200505cover
There is no conversation more boring than the one where everybody agrees.
THE
BULLETIN
Volume 73 | Issue 3
May 2005

Campus Sustainability and Green Building: Design that makes sense for today and tomorrow

John Rossi & Josh DeFlorio

A century ago, with the world population under 700 million, the earth was considered by many to be infinitely resilient and endowed with boundless resources (McDonough & Braungart, 2002). Today, however, a series of high-profile ecological crises and declines, affecting nearly 7 billion people, have definitively shattered this Industrial Age misconception and forced us to reassess our trend of unchecked growth.

The statistics are staggering: In the United States, buildings account for an estimated 40 percent of our total energy consumption and 40 percent of our landfill waste (Mayor Menino’s Green Building Task Force, 2004). Americans use more than 5 billion gallons of purified water each day to flush toilets while less fortunate nations struggle to supply enough clean water for drinking (USGBC, 2003). Many carpets, paints, and sealants—a host of the most typical, seemingly mundane building and furnishing products—contain potentially harmful components: volatile organic compounds (VOCs), heavy metals, and other recognized carcinogens. And from 1982–92, prime farmland was subsumed by sprawl at the astounding rate of more than 1,000 acres every day (Kelly, 2004). Our environmental history has been, and in many aspects continues to be, altogether less than auspicious.

An emerging segment of the building industry, from owners to architects, engineers, and contractors, have recognized and embraced our shared responsibility to limit, eventually eliminate, and ultimately begin to reverse the harmful byproducts of physical growth. In many ways, colleges and universities are integral to, and often at the forefront of, this burgeoning effort to promote and achieve a more sustainable world. Colleges and universities, institutions often explicitly devoted to the search for truth and the betterment of humankind, are ideologically well situated to serve as a model for environmentally sustainable growth and operations. Traditional-age university students today are often empowered with idealistic beliefs and optimism about their place in the world (Howe & Strauss, 2003). Some students can be predisposed to a high level of environmental awareness (Wojtowicz, 1995), and it might follow that they would gravitate toward institutions that outwardly convey sound environmental practices through their physical campus and their course offerings. Sustainability is not simply a way of life, but can play an important role in the assessment of a campus by prospective students, parents, teachers, and faculty.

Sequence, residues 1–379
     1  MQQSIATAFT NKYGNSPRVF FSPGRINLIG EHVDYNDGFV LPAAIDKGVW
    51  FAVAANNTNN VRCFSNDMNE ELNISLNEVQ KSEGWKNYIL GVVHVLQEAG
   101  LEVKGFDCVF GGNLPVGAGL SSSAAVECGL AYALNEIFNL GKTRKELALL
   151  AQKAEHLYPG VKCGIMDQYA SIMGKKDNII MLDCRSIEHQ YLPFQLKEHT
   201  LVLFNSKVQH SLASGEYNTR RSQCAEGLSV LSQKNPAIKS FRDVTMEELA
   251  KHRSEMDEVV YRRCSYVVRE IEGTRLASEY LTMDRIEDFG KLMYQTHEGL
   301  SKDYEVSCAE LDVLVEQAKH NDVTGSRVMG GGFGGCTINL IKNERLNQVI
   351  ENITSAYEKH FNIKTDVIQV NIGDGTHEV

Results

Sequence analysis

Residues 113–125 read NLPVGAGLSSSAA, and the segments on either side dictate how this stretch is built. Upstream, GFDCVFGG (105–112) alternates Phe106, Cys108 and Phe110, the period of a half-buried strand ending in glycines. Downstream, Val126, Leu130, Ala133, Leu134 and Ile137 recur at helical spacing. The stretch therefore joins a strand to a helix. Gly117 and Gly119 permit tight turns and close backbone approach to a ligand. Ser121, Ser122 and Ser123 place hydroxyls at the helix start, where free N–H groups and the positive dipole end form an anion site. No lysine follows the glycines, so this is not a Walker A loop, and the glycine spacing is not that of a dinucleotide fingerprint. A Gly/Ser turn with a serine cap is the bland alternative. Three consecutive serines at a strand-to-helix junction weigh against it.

For instance, the University of Florida (2002), in converting a historic gymnasium to its Center for Women’s Study and Gender Research and citing the precedent of other institutions, recently determined that green building could create value as a “marketing tool for both research and student recruitment campaigns” (p. 19). In response, university officials resolved to emphasize their position as leaders in campus sustainability as a complement to student recruitment efforts. A factor in this decision was the recognition that many prospective students view sustainability as a direct signifier of progressive, “cutting edge educational and research programs with consequent increases in external funding” (University of Florida, 2002, p. 19).

As prospective students are confronted with an ever-greater range of choices, green campuses can be seen as yet another sought-after educational and lifestyle amenity. The University of Florida (2002) attached proper importance to sustainability and green building as likely contributors to an “improved quality of campus and community life” (p. 19). Most students, whether they actively care about sustainability, will implicitly recognize the qualitative improvements attendant with good sustainable design and planning. Attention to siting, light and air, and the affects of indoor finishes on human health, for example, may not be foremost on students’ minds as they tour the campus, but the combined affect, whether positive or negative, will inevitably contribute to their overall impression of campus.